The Buckhorn Tavern in downtown Gordon, Wis., just east of the railroad tracks, is festooned with the heads of dead deer. One of them wears an atypical rack, a webwork of crazy tines that leap off the main beams like the warped spikes of a railroad in hell. Old beer cans—collectors' items—stand atop the cooler with new beer cans inside. One of Bud's sons is a beer-can collector but that topic wears thin early. Grant munches a California burger, sips at a draft Schlitz. True son of the Progressive states. A photo of Bud Grant, coach, adorns the wall behind the bar under another glassy-eyed deer head.
"I played semipro baseball here after the war," he says. "If you could pitch and hit, too, you could make more money then in the semipros than in the American Association. I pitched three days a week at $50 to $75 a game, and I could hit, too, so that filled in the rest of the week. We barnstormed, as they say. We were the Galloping Gophers. One day I beat Gordon 6-0 and then went down to Rice Lake that night and beat them 7-1. It was a lot of fun."
He's totally relaxed now, feeling the ease of the day, the ease of the outdoors. The small tensions of the bluegills and crappies at the end of the fly tippet seem to have pulled the man out of his hard, cold shell. There is a gentleness of spirit about him, born of the outdoors. A woman, perhaps sensing this, approaches from the bar.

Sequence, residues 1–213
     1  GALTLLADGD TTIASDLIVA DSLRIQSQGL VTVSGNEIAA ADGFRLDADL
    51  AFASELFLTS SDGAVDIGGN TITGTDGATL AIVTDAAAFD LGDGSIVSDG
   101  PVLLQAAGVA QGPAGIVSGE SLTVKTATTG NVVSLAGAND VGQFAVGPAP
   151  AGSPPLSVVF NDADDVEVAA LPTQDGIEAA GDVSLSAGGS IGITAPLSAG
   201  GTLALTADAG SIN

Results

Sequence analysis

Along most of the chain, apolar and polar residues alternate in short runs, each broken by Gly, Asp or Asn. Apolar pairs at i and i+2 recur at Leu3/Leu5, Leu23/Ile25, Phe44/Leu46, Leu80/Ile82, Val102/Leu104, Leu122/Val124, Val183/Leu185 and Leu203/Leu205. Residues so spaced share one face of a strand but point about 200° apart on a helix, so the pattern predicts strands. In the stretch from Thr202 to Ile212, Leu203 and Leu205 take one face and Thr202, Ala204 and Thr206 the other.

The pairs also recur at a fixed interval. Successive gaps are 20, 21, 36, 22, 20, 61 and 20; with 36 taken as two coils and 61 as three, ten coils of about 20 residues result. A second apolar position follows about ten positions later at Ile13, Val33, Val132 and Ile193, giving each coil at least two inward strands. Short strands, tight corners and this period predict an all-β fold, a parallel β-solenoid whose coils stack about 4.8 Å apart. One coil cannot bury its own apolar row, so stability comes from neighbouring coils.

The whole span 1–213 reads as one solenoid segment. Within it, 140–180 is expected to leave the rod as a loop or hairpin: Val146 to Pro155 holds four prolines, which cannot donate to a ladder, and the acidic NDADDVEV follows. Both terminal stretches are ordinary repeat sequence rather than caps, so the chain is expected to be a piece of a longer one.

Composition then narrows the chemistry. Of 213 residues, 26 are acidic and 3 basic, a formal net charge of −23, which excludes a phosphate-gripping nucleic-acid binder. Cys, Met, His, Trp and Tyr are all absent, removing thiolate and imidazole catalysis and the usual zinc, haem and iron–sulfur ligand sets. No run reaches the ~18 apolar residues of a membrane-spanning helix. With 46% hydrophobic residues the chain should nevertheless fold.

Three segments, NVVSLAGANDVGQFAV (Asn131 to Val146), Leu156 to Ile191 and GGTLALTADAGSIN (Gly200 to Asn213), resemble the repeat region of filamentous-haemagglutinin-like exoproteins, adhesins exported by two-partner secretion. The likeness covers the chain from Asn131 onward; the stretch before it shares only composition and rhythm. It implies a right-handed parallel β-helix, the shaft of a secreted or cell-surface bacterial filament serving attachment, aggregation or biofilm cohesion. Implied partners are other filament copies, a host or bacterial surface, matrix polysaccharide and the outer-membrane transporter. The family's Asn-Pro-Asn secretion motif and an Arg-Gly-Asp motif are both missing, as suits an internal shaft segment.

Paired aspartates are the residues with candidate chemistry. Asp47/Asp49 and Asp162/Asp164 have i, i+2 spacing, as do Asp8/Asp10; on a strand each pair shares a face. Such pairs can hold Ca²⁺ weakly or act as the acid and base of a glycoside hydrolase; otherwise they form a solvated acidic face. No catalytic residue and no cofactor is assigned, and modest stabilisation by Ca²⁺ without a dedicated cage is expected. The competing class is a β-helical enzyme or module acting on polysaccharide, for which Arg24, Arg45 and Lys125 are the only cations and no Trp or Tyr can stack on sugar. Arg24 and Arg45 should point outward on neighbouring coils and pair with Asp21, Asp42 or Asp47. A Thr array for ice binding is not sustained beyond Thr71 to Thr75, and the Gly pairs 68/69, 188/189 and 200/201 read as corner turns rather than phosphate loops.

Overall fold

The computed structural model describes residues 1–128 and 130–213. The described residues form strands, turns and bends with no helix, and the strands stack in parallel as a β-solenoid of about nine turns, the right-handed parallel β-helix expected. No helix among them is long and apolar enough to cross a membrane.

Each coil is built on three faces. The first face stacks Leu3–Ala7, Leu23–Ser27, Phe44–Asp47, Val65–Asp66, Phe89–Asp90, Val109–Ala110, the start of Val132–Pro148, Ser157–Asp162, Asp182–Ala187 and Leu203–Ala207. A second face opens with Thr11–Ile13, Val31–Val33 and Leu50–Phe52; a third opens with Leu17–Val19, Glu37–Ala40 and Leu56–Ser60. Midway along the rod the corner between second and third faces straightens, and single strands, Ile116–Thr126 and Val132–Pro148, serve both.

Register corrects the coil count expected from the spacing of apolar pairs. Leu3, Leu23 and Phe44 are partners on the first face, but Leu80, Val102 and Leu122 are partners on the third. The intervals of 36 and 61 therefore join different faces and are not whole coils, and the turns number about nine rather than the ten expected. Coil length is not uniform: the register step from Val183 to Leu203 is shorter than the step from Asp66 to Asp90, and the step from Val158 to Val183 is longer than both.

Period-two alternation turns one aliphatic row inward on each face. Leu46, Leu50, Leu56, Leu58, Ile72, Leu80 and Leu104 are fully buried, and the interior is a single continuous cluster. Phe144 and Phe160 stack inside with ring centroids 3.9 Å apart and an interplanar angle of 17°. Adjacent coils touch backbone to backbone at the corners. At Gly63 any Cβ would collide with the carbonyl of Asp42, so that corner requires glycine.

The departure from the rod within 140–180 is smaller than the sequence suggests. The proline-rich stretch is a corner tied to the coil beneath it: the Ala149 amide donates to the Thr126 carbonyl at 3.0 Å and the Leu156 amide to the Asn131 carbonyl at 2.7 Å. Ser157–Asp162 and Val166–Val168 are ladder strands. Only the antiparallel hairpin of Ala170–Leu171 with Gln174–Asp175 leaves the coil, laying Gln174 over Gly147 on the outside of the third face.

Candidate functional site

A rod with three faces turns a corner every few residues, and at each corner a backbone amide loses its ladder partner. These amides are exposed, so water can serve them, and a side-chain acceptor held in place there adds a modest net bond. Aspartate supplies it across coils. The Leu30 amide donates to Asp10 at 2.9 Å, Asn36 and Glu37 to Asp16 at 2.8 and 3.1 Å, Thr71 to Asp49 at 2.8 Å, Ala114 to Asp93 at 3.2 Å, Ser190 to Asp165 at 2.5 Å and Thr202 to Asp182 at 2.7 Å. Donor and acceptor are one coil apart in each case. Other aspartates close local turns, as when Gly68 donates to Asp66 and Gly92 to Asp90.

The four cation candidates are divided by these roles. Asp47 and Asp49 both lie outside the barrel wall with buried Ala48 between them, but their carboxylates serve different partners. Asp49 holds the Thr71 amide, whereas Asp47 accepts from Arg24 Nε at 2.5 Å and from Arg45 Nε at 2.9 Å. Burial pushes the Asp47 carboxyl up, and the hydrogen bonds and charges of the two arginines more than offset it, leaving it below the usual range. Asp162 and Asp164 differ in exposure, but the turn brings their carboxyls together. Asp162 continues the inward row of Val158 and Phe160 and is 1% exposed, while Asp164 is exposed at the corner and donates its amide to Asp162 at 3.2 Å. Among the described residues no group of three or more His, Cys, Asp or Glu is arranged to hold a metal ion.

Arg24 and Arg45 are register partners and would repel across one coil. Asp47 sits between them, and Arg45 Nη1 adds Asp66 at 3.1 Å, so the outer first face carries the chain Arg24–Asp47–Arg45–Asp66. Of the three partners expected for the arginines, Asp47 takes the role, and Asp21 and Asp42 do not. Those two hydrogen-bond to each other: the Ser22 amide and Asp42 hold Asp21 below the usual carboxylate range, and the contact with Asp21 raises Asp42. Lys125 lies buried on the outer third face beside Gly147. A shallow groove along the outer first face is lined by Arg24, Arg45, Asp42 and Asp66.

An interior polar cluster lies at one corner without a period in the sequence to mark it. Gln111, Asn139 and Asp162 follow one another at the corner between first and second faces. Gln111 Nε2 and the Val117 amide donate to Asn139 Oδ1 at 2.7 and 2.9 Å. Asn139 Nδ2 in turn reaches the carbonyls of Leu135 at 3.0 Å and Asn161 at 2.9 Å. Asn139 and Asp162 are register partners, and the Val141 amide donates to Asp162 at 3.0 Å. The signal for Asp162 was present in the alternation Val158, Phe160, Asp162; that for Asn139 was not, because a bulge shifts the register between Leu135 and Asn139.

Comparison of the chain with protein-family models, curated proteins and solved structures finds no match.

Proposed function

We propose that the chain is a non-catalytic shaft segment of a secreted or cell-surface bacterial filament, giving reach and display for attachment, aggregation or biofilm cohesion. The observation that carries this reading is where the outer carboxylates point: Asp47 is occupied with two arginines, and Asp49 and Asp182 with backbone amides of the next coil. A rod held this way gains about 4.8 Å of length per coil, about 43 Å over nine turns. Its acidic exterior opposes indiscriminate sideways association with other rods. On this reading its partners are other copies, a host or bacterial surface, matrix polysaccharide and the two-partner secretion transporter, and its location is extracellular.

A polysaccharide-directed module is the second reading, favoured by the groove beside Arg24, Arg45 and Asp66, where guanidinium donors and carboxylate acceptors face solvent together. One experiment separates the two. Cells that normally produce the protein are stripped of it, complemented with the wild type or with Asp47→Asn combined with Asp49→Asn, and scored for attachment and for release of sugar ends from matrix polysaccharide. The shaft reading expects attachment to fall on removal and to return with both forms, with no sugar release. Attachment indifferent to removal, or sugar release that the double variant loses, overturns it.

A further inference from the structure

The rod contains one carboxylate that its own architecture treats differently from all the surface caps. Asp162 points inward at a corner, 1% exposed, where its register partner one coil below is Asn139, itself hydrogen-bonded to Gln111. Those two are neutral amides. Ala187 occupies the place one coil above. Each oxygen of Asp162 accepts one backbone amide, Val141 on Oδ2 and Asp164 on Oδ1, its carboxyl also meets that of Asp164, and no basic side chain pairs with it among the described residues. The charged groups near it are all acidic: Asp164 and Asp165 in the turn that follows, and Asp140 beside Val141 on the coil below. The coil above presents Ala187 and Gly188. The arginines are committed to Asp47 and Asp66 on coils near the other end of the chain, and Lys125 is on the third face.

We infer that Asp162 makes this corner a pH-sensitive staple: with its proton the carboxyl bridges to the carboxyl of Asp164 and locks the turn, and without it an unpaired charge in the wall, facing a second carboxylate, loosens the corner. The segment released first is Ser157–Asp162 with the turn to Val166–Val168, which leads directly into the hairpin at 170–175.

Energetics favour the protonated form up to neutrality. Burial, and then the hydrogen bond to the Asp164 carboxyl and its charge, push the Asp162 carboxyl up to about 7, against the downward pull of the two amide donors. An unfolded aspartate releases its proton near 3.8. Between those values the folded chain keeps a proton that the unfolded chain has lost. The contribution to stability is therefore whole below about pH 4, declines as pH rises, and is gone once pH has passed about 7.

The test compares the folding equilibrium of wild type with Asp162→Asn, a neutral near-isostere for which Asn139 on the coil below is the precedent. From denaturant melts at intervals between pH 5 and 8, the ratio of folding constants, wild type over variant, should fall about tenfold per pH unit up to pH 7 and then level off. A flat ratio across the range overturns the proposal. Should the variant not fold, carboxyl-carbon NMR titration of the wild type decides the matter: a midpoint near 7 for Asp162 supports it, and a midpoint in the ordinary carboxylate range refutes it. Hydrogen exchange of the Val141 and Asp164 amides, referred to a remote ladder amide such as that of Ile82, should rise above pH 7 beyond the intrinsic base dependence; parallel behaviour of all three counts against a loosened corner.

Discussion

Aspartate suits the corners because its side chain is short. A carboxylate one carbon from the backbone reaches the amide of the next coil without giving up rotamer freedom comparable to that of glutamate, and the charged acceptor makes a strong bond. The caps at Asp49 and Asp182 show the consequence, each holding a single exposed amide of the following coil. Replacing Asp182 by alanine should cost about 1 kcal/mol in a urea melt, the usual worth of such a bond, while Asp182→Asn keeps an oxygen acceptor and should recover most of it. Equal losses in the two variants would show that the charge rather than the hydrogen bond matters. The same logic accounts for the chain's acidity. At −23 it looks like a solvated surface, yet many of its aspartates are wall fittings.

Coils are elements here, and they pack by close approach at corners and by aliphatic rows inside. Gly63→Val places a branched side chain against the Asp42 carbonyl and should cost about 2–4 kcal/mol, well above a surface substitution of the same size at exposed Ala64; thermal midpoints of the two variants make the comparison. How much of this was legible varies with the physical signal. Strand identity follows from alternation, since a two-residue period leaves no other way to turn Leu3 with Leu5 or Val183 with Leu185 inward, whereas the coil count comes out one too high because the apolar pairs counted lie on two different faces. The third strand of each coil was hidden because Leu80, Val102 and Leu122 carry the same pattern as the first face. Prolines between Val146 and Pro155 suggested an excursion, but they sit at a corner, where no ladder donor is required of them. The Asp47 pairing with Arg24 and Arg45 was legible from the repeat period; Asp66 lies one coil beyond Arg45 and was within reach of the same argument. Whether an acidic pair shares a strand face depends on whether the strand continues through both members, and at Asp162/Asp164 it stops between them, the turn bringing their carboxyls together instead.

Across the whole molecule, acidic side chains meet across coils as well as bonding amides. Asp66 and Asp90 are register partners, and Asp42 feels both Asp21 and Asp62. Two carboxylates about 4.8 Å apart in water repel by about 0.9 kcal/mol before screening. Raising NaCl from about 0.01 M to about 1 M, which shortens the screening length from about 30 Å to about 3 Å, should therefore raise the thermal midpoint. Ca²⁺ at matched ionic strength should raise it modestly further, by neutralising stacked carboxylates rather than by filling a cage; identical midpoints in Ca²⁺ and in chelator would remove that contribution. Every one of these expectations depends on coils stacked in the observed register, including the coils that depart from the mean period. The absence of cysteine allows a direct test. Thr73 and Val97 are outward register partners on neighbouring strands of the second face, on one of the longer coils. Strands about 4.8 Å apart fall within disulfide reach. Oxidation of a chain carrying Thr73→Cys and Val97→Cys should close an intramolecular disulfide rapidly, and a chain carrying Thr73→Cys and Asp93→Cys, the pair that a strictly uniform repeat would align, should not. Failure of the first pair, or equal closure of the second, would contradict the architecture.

"Hi," she says, "I'm the only Viking fan in western Virginia."
Bud pulls into his shell. He is Coach Grant again.
"That's all Redskin country out there," the woman babbles. "You guys were undefeated when you came out there last year, weren't you? Eight and oh? And then you lost." She smiles, tentatively, sensing the change in his mood. He looks just a mite forbidding now. Eyes like icebergs under a clear sky.
"I don't talk football when I'm up here," he says. "Where you from originally?" She winds down into small-town chitchat, and Bud relaxes. Finally she introduces her husband, Grant gives them a Viking bumper sticker and they go away.
Across the street, Bud stops at the door of the IGA.
"I've got to get some raven food," he says. Then he winks and grins conspiratorially. "It's really dog food," he whispers, "but I tell them it's raven food."
Balance is restored.